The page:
Students at grading today in Auckland. Source: File
Students of Māori martial arts were put to the test today during their mau rākau grading in Auckland.
One of them was Anthony Thompson, who graded for his pouwha tipare, the fourth level of mau rākau Māori weaponry under Te Whare Tū Taua o Aotearoa, the International School of Māori Weaponry.
“They test you on your limits, keep pushing you when you’re tired, when you’re sore so it was difficult but happy with the result,” says Thompson, who is a member of Ngā uri a Tū.
As part of his grading, Thompson performed a wero, carried out during powhiri to determine the intentions of a visiting group.
“There’s wahanga in te reo that we use in Te Whare Tū Taua but mine was mostly freestyle. I just wanted it to be basic with a lot of ihi, a lot of mana,” says the Ngāti Whitikaupeka descendant.
Anthony Thompson. Source: File
Waimaria Ngapo, of Hauraki, graded for the first time today to receive her poutahi, the first level.
“It was really hard. It really tested my inner strength within myself, like, mind over matter.”
She says it’s important for rangatahi to get involved in Māori weaponry “because it connects us to our environment. Everything that we use, everything that we do, connects us to papatuanuku. That’s the tipare that I’ve just attained today. For me, it connects me to my Māoritanga, to my environment and to our people.”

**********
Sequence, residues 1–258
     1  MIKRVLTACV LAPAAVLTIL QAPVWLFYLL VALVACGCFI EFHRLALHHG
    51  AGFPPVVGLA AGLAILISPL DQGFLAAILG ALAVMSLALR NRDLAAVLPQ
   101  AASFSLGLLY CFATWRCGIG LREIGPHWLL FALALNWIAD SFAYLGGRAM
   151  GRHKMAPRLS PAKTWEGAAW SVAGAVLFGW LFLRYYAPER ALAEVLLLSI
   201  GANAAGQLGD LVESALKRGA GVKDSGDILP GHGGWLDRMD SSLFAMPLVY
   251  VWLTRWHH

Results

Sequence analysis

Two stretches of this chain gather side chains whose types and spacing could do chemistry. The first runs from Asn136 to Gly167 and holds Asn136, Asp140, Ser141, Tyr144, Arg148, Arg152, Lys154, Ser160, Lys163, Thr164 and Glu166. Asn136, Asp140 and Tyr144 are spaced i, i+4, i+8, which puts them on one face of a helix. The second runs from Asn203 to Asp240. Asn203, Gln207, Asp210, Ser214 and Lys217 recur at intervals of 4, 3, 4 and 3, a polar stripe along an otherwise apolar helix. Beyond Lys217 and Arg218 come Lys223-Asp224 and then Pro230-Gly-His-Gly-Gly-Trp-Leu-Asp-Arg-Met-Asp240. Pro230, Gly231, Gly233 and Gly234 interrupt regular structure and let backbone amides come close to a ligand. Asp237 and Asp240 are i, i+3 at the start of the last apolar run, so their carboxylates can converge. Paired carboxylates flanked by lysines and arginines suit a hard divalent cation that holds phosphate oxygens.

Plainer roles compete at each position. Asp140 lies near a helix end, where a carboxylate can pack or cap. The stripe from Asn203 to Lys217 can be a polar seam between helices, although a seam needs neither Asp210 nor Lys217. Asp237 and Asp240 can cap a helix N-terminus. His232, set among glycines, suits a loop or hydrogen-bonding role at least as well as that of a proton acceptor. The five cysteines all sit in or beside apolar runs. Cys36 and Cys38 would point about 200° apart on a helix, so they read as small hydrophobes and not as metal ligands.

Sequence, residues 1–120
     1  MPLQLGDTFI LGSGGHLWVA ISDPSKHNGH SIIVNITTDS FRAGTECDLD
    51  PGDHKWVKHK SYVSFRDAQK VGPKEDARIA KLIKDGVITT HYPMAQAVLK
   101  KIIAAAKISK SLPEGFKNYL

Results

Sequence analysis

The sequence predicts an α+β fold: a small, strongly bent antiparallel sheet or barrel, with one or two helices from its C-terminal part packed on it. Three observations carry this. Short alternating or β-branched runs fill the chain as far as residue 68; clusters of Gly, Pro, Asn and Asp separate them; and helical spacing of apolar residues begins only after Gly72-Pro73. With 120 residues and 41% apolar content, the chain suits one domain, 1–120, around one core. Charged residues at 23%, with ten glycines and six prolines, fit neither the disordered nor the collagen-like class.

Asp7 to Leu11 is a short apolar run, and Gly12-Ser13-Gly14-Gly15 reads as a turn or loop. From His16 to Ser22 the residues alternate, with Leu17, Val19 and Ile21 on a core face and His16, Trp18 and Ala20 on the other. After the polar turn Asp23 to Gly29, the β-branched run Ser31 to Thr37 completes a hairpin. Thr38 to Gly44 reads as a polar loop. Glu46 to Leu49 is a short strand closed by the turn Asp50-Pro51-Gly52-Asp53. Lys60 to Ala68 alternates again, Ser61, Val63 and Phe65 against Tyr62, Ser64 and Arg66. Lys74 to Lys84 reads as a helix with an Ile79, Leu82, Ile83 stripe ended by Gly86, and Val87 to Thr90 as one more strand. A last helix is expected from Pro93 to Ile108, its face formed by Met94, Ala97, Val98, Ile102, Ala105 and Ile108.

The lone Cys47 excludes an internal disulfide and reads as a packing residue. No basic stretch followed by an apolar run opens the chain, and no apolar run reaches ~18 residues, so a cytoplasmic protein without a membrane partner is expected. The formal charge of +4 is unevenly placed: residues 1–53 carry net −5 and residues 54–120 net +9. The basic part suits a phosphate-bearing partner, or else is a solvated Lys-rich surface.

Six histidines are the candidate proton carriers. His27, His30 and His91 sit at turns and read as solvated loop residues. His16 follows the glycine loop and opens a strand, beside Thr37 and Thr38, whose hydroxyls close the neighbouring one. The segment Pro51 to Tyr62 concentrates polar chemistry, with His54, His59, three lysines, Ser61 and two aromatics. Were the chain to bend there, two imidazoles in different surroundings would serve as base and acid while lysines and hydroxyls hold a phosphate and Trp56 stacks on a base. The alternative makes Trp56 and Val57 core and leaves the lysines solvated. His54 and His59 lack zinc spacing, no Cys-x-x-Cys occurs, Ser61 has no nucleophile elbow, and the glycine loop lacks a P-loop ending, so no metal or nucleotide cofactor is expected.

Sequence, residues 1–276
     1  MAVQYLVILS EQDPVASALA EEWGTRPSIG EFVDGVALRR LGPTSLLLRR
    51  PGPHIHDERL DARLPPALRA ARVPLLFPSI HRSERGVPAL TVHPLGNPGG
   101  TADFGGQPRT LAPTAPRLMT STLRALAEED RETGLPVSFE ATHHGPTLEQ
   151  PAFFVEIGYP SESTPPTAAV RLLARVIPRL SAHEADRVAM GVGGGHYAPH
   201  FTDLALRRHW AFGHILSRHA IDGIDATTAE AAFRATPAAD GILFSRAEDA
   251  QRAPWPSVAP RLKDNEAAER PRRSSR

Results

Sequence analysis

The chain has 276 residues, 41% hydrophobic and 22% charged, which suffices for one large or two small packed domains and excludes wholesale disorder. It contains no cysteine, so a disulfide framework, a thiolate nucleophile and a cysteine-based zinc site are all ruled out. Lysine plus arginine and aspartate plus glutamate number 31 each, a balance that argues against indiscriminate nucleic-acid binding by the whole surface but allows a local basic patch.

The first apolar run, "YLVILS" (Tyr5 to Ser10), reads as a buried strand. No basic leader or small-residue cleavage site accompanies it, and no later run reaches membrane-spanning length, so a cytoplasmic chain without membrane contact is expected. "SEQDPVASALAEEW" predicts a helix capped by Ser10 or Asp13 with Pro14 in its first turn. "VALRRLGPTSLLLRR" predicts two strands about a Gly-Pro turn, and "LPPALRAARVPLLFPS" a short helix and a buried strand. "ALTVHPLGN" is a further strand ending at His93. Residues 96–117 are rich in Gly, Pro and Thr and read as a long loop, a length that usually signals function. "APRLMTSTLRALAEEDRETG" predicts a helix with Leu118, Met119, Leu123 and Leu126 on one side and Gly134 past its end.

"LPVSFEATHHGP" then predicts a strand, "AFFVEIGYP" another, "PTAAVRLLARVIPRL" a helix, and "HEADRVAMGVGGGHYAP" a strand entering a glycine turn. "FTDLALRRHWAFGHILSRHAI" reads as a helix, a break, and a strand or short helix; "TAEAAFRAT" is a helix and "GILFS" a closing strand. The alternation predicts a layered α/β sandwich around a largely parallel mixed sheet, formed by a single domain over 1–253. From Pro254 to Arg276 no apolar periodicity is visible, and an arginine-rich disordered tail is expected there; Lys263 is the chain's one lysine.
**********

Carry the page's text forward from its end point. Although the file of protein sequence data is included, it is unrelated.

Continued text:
Anthony and Waimaria. Source. File
Mau Tai Tin is one of the leaders who ran today's grading today at Te Kura Kaupapa Māori o Te Kotuku in Ranui.
Six years ago, he attained his pouwaru, the eighth and highest level of Māori weaponry.
Tin says that through mau rākau, students can realise their own potential while being assessed, “not just the Māori worldview, but also by their own identity, their own potential. When you teach a child mau rākau, he becomes a chief.”
Wharekura students can gain NCEA credits by grading under Te Whare Tū Taua. Tin says one of the benefits of this is “that the Māori world is valued within the Pākehā world.
“There are lots on Māori and non-Maori kids keen to learn this mahi so schools would benefit from running this programme. If there are no students, there are no teachers. Our youth play a huge role in our mahi.”
About Te Whare Tū Taua
- Te Whare Tū Taua o Aoteaora was founded by Dr Pita Sharples in 1983 during the renaissance of the Māori language and tikanga and to offer the ancient art of mau rākau back to Māoridom as an innovative program in physical fitness, Māori history, Māori Atua, whakapapa, confidence, leadership skills, self-discipline, respect and all uses of the taiaha.
- The curriculum is separated into eight stages (poutahi to pouwaru), taking between 12 to 15 years to complete.
- At present, there are approximately 2,000 members throughout Aotearoa from all tribes and throughout the world, men and women, from akonga to pouwaru.